AMG’s R&D Boss, Thomas Weber, just recently commented that AMG might be forced to go the way of the hybrid by 2020. Due to restricting C02 regulations, melting ice-caps and rising oil prices, it’s getting more and more difficult for automakers to create high-performance gas-guzzling sports cars. Weber stated that, in the current market, a hybrid AMG car simply would not work. The idea of such a car would not sell in today’s market. But in five years, people might change their tune, or be forced to.
It isn’t an unheard of idea in today’s world, a hybrid sports car. Porsche’s 918, McLaren’s P1 and Ferrari’s LaFerrari all prove that the highest performing supercars can be powered by hybrid technology. In fact, they must, in order to accomplish the level of mind-bending torque, as electric motors are required for such a feat of performance. And cars like the BMW i8 have already proved that (somewhat) affordable hybrid sports cars can be excellent. There’s also pressure from the lower end, as cars like the e-Golf, Audi A3 Sportback e-tron and BMW i3 are proving that hybrids and EVs can be fun. And Tesla is proving that EVs can be just as luxurious as anything else on the market. So it won’t be too long that hybrid performance cars, like AMGs, BMW Ms and Audi S and RS models, will be widely accepted and desired.
So if Mercedes-Benz and AMG are thinking about going green, should Audi and Quattro GmbH? I think it makes quite a bit of good sense. Audi’s slogan is Vorsprung Durch Technik after all, which means Advancement Through Technology. So if Audi were to create a hybrid RS model, it would just be more advancement through technology. In fact, I think it would be a good idea for Audi to do it before Mercedes and BMW, get a head start on what i an inevitable future.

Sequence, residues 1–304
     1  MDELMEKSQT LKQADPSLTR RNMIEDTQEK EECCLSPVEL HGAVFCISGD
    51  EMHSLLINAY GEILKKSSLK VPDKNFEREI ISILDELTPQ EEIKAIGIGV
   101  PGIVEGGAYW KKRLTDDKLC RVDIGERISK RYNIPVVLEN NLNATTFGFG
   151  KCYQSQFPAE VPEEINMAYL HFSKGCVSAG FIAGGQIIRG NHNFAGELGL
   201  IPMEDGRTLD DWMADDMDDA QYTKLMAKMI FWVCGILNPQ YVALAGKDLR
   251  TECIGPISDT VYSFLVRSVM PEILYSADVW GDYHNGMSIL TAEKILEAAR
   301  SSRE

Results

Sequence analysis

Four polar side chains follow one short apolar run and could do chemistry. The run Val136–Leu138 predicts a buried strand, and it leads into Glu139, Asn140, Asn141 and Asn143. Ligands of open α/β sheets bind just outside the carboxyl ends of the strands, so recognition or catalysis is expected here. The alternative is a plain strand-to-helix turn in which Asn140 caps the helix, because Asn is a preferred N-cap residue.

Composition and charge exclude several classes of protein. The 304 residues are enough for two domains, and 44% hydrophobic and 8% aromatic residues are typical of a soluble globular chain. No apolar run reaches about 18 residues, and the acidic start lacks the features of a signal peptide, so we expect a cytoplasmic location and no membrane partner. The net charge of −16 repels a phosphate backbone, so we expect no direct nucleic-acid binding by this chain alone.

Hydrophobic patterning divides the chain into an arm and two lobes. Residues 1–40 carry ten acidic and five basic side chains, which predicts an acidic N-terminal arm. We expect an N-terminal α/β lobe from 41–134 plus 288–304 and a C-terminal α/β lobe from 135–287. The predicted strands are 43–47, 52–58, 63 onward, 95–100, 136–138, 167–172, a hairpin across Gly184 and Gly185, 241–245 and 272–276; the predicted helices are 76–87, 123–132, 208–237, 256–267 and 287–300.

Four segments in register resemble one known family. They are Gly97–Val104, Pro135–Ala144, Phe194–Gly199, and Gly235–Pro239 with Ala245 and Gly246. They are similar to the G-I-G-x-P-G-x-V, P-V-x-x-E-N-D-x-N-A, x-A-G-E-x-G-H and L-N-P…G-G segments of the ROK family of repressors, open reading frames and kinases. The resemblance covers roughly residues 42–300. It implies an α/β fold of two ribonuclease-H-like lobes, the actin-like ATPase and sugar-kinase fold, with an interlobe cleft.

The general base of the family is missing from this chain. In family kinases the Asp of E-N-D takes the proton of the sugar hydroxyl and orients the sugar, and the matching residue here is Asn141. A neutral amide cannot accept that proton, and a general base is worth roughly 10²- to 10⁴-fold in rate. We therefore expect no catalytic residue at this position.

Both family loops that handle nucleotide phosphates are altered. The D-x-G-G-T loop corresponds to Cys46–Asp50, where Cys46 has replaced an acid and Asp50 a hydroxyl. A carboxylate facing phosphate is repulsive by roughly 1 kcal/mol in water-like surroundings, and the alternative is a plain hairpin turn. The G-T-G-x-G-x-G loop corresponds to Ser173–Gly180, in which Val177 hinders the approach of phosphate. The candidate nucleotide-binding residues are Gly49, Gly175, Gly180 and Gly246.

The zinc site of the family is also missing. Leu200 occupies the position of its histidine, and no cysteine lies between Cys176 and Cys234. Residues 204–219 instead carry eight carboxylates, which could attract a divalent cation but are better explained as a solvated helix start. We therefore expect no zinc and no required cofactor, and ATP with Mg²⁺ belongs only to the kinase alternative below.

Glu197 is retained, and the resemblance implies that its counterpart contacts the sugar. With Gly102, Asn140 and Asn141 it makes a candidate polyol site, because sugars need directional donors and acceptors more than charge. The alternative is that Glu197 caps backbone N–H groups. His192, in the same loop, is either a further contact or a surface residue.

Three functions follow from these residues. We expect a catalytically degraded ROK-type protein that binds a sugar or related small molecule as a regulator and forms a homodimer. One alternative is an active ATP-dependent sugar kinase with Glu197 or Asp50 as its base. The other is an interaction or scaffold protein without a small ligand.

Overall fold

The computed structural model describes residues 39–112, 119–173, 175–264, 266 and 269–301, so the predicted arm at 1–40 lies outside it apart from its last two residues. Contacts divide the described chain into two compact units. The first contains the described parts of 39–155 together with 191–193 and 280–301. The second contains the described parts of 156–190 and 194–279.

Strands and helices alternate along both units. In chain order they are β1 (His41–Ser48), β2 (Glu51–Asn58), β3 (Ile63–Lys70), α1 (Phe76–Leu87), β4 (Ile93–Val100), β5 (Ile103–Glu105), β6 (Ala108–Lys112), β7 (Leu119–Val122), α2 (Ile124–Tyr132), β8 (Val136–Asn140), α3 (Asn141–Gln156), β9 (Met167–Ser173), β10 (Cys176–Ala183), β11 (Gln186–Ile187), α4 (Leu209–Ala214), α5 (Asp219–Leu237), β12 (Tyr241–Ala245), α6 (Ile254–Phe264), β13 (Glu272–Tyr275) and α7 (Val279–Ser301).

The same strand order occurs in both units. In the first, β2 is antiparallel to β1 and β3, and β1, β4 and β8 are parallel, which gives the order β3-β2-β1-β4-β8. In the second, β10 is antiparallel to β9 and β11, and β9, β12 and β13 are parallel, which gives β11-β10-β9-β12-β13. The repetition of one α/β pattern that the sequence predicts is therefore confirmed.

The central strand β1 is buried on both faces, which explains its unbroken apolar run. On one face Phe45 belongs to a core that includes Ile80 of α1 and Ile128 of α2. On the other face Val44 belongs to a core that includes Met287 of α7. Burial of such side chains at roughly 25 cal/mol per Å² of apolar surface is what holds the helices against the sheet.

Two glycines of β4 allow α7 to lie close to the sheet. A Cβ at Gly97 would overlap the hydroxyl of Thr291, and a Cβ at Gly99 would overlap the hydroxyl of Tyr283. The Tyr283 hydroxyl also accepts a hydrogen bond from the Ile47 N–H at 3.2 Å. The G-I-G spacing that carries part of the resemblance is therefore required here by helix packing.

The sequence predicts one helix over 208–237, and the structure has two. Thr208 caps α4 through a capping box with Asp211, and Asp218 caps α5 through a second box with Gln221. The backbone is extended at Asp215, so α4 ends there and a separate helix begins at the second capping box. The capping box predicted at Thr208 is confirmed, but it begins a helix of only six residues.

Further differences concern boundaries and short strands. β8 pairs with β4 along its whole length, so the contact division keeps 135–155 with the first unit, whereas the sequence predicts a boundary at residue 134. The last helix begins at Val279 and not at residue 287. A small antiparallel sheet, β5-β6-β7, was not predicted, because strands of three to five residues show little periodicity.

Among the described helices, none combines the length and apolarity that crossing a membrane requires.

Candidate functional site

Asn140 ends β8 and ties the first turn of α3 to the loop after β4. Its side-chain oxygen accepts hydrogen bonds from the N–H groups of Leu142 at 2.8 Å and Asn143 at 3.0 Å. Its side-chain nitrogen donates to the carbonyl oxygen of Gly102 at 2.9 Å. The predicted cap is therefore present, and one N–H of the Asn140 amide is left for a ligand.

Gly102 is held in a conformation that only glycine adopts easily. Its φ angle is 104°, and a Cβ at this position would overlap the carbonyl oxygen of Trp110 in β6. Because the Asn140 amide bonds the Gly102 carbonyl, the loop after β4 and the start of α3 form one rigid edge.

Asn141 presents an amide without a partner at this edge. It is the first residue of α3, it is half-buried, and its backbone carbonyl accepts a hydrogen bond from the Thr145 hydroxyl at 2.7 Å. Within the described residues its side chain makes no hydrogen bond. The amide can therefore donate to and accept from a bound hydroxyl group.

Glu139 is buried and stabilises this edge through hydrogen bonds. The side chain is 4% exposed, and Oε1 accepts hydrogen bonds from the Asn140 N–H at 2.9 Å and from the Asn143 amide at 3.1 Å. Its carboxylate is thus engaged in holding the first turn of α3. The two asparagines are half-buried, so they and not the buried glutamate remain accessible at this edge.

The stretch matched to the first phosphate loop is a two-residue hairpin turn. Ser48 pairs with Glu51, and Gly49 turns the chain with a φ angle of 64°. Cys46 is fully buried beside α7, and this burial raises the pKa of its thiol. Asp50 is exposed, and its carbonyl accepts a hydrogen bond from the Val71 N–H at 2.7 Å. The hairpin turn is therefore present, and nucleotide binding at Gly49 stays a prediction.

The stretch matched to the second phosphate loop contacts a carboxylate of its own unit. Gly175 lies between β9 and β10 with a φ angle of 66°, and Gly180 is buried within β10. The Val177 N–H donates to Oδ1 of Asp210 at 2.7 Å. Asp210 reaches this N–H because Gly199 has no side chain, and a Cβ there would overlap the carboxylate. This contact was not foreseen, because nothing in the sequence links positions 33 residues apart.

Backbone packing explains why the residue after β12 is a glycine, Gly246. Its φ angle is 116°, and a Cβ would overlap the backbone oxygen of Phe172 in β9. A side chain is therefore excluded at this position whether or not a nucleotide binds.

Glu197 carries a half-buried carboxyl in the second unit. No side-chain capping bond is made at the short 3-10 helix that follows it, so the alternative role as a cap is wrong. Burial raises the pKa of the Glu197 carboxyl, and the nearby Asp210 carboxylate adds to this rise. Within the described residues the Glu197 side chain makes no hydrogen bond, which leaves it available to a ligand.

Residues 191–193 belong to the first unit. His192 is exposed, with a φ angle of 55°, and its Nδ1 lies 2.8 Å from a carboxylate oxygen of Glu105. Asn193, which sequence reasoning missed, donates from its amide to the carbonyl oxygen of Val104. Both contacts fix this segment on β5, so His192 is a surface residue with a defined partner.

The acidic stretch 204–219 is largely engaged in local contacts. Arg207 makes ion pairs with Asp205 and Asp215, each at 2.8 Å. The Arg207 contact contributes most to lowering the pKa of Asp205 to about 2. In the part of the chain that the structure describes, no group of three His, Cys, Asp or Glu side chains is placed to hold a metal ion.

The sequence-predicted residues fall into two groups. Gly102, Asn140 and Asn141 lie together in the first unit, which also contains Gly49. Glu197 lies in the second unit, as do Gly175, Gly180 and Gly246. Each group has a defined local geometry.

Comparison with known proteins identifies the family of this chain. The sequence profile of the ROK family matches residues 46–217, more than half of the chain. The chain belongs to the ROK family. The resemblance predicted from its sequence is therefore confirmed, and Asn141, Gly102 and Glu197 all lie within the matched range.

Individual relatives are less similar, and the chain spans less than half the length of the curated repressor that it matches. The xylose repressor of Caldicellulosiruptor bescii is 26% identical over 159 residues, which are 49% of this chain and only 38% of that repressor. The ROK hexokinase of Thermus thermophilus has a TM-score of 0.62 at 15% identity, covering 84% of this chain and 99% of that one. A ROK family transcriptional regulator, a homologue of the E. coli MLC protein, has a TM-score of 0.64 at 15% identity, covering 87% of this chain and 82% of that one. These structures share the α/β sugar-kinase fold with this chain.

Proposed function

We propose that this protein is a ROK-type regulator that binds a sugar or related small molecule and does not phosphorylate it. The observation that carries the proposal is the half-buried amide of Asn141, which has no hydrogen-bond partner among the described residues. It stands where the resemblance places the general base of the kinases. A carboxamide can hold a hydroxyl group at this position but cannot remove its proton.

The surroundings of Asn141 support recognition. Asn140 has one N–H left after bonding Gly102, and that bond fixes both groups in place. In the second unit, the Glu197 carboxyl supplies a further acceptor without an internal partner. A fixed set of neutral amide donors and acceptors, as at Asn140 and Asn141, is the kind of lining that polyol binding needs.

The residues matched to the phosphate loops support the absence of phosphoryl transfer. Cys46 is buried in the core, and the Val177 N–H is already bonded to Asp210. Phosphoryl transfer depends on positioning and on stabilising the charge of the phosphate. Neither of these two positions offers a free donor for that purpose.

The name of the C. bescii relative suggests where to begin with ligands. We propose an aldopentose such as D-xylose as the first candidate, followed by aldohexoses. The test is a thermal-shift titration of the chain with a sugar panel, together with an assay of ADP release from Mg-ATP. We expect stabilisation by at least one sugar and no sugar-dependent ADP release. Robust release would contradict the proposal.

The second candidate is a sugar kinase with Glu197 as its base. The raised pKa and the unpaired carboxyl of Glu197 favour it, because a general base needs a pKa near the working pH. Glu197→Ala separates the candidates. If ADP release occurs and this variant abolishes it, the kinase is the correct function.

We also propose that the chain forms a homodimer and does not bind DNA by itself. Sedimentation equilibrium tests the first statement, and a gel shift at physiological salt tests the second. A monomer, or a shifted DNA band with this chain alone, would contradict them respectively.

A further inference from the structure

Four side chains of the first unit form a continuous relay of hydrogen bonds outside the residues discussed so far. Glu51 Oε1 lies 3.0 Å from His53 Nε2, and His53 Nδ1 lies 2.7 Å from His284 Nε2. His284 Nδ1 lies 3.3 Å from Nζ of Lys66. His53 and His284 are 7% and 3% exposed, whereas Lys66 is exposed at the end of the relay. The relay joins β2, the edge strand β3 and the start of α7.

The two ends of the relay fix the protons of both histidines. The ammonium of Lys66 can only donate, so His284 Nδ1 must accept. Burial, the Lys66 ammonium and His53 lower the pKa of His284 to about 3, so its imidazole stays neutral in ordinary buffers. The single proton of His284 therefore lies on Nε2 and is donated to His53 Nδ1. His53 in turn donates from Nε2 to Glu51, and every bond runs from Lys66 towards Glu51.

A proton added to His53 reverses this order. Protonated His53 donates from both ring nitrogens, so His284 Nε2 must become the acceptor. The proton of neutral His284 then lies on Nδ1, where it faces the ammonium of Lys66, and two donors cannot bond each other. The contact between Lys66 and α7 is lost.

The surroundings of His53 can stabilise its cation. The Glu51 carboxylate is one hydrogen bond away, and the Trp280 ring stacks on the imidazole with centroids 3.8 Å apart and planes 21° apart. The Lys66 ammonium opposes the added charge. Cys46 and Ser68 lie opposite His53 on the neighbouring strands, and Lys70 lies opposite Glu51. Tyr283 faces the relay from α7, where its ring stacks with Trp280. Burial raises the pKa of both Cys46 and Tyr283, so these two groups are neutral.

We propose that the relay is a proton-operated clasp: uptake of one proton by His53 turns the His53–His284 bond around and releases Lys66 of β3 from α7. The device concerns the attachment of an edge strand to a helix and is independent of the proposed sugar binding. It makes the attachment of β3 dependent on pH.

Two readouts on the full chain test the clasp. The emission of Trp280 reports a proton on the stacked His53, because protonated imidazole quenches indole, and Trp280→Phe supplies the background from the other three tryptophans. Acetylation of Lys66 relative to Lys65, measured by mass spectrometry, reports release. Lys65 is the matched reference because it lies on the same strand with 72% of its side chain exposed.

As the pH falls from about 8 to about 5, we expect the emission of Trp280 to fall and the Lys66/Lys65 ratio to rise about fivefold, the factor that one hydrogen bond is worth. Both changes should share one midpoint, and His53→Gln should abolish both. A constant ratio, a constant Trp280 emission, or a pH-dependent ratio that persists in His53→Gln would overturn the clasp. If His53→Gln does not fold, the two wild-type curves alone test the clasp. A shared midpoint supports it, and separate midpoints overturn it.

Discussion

Audi already has the means to do so. With the A3 Sportback e-tron, it could easily use a version of the 2.0 liter TFSI engine powering the new B9 A4 paired to a more powerful electric motor and create a sort of hybrid S3 Sportback e-tron. This would create a hybrid hot hatch to take on the Volkswagen Golf R and Ford Focus ST. There’s also the Audi R8 e-tron, which is a full EV version of Audi’s most powerful and fastest supercar. While this already sends a message that Audi can put down some serious performance using batteries instead of gasoline, creating a more affordable hybrid or EV performance car would send a message to the masses that Audi is serious about this sort of technology for the future of performance.
It might not be popular at first, but I think the people with open minds who buy into the idea early will eventually start a snowball effect. Cars like the Porsche 918 and McLaren P1 have already started the trend, showing people that going green doesn’t mean going slow. So Audi can capitalize on this newfound desire for high-performance green technology and get a head start on AMG and BMW’s M. What do you think, would you like to see an Audi RS e-tron model sometime soon?